[ExI] Rule of Law or of Men?

Stefano Vaj stefano.vaj at gmail.com
Fri Feb 24 13:59:27 UTC 2012

2012/2/24 <natasha at natasha.cc>

> It seems that the wifey-poo was a revamping of the word:
> "The Old English <http://wiki/Old_English> *wifman* meant "female human" (
> *werman* meant "male human". *Man* or *mann* had a gender neutral meaning
> of "human", corresponding to Modern English "one" or "someone". However in
> around 1000AD "man" started to be used more to refer to "male human", and
> in the late 1200s began to inevitably displace and eradicate the original
> word "werman").[1] <#135afa6a20c19cc9_135accbaee202aa0_cite_note-0> The
> medial labial consonants coalesced to create the modern form "woman"; the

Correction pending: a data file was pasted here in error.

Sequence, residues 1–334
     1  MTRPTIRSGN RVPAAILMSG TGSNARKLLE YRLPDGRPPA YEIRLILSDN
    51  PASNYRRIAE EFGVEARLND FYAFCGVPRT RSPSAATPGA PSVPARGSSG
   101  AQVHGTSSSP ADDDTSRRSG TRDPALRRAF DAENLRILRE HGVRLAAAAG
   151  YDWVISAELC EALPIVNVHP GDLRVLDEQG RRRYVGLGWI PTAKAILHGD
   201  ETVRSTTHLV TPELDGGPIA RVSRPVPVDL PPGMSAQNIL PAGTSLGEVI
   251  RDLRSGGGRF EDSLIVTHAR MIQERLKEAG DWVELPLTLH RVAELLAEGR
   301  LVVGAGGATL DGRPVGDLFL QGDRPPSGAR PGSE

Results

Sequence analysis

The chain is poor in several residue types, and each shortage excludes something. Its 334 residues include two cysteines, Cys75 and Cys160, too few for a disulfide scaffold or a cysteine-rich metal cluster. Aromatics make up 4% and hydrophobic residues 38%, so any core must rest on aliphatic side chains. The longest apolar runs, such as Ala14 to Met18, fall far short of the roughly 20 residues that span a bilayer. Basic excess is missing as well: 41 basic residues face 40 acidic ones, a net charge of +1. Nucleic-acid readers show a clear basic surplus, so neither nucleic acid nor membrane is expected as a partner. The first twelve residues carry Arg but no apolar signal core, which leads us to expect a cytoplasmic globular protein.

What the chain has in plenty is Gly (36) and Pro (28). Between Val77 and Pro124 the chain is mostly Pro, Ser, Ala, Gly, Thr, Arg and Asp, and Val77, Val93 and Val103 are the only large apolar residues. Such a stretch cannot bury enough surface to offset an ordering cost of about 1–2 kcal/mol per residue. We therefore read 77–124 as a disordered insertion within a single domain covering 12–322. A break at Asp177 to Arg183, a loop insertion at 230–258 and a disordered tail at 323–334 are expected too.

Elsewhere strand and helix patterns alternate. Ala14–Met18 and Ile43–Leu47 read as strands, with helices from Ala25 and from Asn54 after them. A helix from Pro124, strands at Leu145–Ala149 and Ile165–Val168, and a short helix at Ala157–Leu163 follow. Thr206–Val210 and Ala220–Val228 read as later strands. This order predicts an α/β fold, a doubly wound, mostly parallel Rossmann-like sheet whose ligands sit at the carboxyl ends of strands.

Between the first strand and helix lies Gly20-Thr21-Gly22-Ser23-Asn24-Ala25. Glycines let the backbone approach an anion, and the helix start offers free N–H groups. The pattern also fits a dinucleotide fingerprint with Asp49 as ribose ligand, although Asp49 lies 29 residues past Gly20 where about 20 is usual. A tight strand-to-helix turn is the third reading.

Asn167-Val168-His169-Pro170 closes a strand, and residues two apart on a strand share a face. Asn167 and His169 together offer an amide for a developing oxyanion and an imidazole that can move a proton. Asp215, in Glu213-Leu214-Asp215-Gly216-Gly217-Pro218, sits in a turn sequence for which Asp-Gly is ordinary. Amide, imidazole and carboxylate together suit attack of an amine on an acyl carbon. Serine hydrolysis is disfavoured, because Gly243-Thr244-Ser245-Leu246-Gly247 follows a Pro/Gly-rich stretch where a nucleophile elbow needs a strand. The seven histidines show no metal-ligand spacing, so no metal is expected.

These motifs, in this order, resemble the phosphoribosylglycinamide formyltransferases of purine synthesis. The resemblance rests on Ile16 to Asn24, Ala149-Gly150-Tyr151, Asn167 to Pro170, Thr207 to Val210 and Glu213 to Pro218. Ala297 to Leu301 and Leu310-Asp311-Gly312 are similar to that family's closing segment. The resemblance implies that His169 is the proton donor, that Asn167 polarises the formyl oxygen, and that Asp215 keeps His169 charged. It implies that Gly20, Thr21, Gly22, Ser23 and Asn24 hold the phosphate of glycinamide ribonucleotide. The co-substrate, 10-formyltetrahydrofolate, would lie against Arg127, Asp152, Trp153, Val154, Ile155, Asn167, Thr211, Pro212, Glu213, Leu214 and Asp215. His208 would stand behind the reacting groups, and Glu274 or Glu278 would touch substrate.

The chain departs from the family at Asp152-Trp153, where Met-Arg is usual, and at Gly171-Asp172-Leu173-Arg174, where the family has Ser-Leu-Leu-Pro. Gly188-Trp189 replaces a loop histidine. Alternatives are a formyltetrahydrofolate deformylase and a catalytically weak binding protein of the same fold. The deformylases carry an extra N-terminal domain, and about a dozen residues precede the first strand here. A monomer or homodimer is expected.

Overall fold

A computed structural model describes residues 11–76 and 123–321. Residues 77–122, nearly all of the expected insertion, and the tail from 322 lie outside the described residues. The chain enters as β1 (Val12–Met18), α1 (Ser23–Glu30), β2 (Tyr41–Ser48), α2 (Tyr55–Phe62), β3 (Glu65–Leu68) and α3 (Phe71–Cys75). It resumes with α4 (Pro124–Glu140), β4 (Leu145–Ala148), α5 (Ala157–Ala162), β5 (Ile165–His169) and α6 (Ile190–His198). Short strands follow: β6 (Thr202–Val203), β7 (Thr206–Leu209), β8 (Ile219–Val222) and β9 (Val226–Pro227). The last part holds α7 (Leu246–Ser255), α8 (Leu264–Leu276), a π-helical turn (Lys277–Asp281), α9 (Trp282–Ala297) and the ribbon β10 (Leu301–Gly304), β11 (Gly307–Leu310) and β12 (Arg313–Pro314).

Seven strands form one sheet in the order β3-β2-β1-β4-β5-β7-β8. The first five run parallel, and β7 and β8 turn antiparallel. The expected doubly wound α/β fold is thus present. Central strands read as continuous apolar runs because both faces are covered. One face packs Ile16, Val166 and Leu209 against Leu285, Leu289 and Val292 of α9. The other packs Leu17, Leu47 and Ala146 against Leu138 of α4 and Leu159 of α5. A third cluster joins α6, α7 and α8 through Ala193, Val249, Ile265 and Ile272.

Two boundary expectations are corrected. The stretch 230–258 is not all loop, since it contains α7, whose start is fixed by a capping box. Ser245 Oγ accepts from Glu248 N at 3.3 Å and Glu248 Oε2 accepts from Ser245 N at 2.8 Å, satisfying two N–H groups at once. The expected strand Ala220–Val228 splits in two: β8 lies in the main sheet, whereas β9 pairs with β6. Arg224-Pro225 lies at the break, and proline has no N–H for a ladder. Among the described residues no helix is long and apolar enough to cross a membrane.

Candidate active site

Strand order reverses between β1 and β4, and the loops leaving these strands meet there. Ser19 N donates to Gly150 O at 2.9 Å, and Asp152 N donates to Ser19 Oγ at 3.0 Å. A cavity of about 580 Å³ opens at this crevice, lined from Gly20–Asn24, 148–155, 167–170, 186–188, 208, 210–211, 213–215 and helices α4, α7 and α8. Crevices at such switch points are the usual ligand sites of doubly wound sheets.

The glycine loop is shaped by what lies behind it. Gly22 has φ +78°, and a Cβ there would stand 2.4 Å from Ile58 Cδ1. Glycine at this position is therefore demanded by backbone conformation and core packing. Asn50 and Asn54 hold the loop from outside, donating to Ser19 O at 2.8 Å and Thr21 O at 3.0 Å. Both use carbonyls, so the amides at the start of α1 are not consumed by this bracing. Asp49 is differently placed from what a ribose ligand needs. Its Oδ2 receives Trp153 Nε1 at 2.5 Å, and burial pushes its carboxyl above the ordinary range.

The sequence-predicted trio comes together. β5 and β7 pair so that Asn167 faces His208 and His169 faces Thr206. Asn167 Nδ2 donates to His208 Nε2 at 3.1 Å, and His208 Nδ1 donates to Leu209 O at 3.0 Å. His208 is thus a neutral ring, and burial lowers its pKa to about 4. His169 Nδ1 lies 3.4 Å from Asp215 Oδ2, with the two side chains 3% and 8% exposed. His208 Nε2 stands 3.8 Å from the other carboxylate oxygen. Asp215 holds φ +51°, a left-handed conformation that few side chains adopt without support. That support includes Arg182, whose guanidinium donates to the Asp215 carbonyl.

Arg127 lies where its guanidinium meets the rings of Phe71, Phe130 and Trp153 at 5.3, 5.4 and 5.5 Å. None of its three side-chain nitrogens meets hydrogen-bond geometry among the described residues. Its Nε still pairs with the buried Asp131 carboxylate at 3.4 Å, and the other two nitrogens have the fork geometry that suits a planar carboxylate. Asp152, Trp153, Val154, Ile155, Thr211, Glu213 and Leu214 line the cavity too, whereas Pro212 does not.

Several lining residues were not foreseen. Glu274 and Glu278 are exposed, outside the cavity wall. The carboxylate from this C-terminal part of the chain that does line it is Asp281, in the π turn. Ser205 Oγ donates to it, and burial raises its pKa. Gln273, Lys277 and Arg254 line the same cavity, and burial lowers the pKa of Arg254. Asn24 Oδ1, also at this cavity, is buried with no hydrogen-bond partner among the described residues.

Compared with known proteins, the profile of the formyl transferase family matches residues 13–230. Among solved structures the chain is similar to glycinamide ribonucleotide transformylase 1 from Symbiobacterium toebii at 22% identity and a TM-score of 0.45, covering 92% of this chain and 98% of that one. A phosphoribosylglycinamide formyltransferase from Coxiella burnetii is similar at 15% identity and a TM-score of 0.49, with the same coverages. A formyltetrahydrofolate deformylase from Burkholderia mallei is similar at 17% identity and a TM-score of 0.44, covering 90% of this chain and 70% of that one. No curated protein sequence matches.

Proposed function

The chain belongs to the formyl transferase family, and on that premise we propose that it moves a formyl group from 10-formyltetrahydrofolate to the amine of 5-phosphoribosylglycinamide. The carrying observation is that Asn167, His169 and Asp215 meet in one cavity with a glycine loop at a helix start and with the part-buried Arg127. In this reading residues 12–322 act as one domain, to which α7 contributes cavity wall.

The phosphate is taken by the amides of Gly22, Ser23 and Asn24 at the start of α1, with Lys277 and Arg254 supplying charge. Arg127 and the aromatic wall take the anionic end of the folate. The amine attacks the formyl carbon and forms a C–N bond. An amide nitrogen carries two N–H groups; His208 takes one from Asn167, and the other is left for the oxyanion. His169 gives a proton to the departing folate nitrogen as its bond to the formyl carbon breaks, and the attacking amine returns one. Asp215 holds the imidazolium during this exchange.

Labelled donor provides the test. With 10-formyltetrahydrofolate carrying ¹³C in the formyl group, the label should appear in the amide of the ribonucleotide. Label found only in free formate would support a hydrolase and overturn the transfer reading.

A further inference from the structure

> initial element, which meant "female," underwent semantic narrowing to the
> sense of a married woman ("wife")."
> Really weird explanataion ...
Interesting, however. In German, as in Latin and Greek, we have a
comfortably generic, albeit grammaticaly masculin, form (mensch, home,
anthropos, as opposed to mann, vir, aner), but the impersonal "one" is
"man", which is closer to the male form "mann", while the French "on"
derives from the Latin "homo".

In Italian, as in French, the male form itself comes from the generic form
"homo". But it is still not terribly mysoginist to make use of the male
form for generic. Moreover, grammars expressly state that when the gender
is unknown, you should use the masculin form, so that the possessive for
one is "his", not "one's".

Lastly, my native Italian intuitions suggest that the PC English usage of
"his or her" could be considered in my language as unkind to the female
genter, as you should if anything say "her or his", giving precedence to
the ladies. :-)

Stefano Vaj
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